Little Matchbox cars arrived in America; they had been introduced in England the previous year. Priced at 25¢ and packaged in distinctive little boxes, the upstart faced tough competition from traditional 10¢ diecasts from Tootsietoy, Midgetoy and Goodee. But the detailing on the little Matchboxes won America over and the brand became a '50s and '60s mainstay in the toy field.

Polypropylene plastic was invented in 1954. The same year, Bell Telephone Labs developed a solar battery. Swanson TV dinners debuted - frozen, assembly-line-prepared, mostly tasteless dinners in compartmentalized aluminum trays.

Heat and eat. Quickly. The first Shakey's Pizza Parlor opened in Sacramento, CA.

Comic strip 'Hi & Lois' debuted in '54; so did 'Marmaduke'. New words included desegregation, do-it-yourself, dragster, fallout and sci-fi.

New songs for 1954: 'Shake, Rattle & Roll' (Bill Haley and His Comets), Rosemary Clooney's 'Hey There', 'Stranger In Paradise' (Tony Bennett), 'Mr. Sandman' (The Chordettes), Perry Como's 'Wanted' and 'Oh Mein Papa' (Eddie Fisher). The first Newport Jazz Festival was held that year.

Top '54 movies: 'The Caine Mutiny', 'The Glenn Miller Story', 'On the Waterfront', Alfred Hitchcock's 'Rear Window', horror classic 'Them!', '20,000 Leagues Under The Sea' and 'Dial 'M' For Murder'. Movie star Marilyn Monroe married baseball legend Joe DiMaggio in January. In 1954, a movie ticket cost 55¢.

New television shows included 'The Adventures of Rin Tin Tin', 'Lassie' and 'Father Knows Best'. 'The 'Miss America Pageant' was televised for the first time in '54. Ronald Reagan began hosting 'General Electric Theater', now in its second television season. In 1954, a classic, well-remembered live commercial blooper caught everyone's attention when spokesmodel June Graham was unable to open the door of a Westinghouse refrigerator to show its interior features.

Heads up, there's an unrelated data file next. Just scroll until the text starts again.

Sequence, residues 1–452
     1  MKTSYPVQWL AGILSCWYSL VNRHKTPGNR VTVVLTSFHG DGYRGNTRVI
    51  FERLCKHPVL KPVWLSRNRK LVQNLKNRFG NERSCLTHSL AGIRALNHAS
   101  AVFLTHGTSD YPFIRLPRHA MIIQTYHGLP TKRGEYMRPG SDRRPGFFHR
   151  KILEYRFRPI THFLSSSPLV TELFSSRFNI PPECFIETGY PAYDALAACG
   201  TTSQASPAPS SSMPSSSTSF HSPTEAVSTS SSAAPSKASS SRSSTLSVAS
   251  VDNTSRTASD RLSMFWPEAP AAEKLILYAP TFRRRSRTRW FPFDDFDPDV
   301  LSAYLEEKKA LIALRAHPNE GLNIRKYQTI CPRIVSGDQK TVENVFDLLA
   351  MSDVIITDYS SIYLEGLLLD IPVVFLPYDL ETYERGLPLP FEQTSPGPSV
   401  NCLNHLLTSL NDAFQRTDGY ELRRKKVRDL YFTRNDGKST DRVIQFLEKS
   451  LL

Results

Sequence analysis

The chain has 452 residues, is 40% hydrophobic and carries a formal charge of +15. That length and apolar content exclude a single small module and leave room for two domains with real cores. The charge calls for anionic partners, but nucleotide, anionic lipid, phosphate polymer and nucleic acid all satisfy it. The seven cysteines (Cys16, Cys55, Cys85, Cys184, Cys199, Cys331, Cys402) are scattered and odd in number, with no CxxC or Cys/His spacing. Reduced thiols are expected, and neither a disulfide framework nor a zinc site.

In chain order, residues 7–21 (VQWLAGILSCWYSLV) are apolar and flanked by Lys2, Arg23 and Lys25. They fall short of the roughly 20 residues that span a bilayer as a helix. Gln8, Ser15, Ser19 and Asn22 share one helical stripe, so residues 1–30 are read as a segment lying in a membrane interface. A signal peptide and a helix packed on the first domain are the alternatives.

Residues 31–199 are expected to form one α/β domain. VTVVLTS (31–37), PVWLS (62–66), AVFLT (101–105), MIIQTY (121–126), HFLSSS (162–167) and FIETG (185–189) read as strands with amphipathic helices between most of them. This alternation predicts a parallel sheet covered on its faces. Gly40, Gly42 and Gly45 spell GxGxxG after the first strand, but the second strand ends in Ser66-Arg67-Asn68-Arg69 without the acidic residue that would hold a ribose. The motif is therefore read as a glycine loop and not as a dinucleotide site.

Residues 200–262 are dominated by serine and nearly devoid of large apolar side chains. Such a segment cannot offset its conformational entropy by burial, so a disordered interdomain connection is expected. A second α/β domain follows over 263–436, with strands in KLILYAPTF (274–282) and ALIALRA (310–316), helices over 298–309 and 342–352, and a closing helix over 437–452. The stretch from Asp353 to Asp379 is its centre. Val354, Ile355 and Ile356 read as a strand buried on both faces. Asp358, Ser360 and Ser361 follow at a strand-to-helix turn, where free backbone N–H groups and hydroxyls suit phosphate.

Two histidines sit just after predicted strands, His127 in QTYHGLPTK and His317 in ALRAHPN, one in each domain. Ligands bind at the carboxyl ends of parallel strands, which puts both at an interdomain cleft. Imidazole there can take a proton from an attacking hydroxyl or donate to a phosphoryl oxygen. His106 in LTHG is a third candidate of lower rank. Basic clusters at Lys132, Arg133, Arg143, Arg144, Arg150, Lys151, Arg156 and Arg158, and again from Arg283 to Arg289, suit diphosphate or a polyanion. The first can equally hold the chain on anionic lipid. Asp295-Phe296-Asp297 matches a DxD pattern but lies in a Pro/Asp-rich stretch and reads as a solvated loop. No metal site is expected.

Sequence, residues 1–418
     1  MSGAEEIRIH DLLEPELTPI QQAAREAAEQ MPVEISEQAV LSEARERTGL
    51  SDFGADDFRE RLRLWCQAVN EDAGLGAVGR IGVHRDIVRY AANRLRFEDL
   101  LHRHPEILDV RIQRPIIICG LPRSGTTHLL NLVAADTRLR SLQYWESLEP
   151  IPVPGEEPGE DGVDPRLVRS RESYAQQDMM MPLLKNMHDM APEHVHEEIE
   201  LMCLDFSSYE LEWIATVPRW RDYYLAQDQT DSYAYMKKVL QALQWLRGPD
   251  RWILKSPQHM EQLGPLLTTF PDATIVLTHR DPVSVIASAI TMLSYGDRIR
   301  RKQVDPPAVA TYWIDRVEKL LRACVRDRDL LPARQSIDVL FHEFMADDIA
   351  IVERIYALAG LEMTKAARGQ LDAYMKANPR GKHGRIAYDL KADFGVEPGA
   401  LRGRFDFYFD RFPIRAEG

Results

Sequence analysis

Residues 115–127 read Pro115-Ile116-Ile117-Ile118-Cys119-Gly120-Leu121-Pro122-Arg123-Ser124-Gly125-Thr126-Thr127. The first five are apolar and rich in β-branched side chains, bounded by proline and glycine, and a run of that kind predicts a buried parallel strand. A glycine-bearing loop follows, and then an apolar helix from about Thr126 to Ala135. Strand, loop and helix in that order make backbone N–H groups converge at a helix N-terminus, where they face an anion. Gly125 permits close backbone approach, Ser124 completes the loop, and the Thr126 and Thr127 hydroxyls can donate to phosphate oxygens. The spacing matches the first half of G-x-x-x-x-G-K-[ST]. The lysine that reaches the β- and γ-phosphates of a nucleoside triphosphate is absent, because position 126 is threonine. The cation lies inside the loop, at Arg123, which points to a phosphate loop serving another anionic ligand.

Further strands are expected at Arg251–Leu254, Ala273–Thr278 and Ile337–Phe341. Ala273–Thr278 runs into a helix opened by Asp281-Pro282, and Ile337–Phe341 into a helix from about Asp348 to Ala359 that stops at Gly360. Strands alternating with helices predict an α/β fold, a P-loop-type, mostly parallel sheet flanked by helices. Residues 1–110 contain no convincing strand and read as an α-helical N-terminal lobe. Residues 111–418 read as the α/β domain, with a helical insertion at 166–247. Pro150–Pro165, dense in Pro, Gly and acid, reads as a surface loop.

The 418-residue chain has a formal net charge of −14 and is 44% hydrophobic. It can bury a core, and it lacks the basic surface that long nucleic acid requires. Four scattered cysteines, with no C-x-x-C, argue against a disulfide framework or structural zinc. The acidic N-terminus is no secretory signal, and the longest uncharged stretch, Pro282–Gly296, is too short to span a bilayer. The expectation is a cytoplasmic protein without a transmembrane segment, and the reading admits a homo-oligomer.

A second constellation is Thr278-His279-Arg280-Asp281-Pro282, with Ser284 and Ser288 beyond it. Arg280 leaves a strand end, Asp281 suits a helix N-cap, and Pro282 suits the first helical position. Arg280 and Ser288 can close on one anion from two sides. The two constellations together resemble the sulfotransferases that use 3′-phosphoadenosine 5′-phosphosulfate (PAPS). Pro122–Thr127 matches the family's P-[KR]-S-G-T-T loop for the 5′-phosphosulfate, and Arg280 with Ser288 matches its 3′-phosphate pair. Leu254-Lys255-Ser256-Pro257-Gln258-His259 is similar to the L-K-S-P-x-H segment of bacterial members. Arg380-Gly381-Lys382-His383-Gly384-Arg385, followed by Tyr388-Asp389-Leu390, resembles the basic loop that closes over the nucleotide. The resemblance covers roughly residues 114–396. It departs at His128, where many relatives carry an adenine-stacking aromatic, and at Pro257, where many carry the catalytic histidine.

Deaths included quintuplet Emilie Dionne, Jacques Brandenberger (he invented cellophane in 1908), Samuel Crumbine (inventor of the flyswatter), actor Lionel Barrymore and football legend Glenn 'Pops' Warner.

The New York Giants win the World Series defeating the Cleveland Indians 4-0.


More AutoSketch car drawings can be found here.

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Disclaimer

The facts presented in this blog are based on my best guesses and my substantially faulty geezer memory. The opinions expressed herein are strictly those of the author and are protected by the U.S. Constitution. Probably.

Spelling, punctuation and syntax errors are cheerfully repaired when I find them; grudgingly fixed when you do.

If I have slandered any brands of automobiles, either expressly or inadvertently, they're most likely crap cars and deserve it. Automobile manufacturers should be aware that they always have the option of trying to change my mind by providing me with vehicles to test drive.

If I have slandered any people or corporations in this blog, either expressly or inadvertently, they should buy me strong drinks (and an expensive meal) and try to prove to me that they're not the jerks I've portrayed them to be. If you're buying, I'm willing to listen.

Don't be shy - try a bribe. It might help.